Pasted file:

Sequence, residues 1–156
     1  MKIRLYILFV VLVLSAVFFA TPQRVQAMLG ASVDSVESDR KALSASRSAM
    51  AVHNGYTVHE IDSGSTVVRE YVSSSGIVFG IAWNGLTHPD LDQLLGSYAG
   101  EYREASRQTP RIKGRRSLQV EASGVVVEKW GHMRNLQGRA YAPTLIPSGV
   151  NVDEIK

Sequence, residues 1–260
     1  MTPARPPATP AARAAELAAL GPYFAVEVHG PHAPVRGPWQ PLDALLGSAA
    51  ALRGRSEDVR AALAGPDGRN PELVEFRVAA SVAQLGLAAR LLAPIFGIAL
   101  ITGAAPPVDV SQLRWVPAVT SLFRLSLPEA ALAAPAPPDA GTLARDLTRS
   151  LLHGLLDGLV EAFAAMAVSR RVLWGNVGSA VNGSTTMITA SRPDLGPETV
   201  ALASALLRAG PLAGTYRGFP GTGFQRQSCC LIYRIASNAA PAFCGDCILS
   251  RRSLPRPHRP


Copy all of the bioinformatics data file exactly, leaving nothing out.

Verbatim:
Sequence, residues 1–156
     1  MKIRLYILFV VLVLSAVFFA TPQRVQAMLG ASVDSVESDR KALSASRSAM
    51  AVHNGYTVHE IDSGSTVVRE YVSSSGIVFG IAWNGLTHPD LDQLLGSYAG
   101  EYREASRQTP RIKGRRSLQV EASGVVVEKW GHMRNLQGRA YAPTLIPSGV
   151  NVDEIK

Sequence, residues 1–260
     1  MTPARPPATP AARAAELAAL GPYFAVEVHG PHAPVRGPWQ PLDALLGSAA
    51  ALRGRSEDVR AALAGPDGRN PELVEFRVAA SVAQLGLAAR LLAPIFGIAL
   101  ITGAAPPVDV SQLRWVPAVT SLFRLSLPEA ALAAPAPPDA GTLARDLTRS
   151  LLHGLLDGLV EAFAAMAVSR RVLWGNVGSA VNGSTTMITA SRPDLGPETV
   201  ALASALLRAG PLAGTYRGFP GTGFQRQSCC LIYRIASNAA PAFCGDCILS
   251  RRSLPRPHRP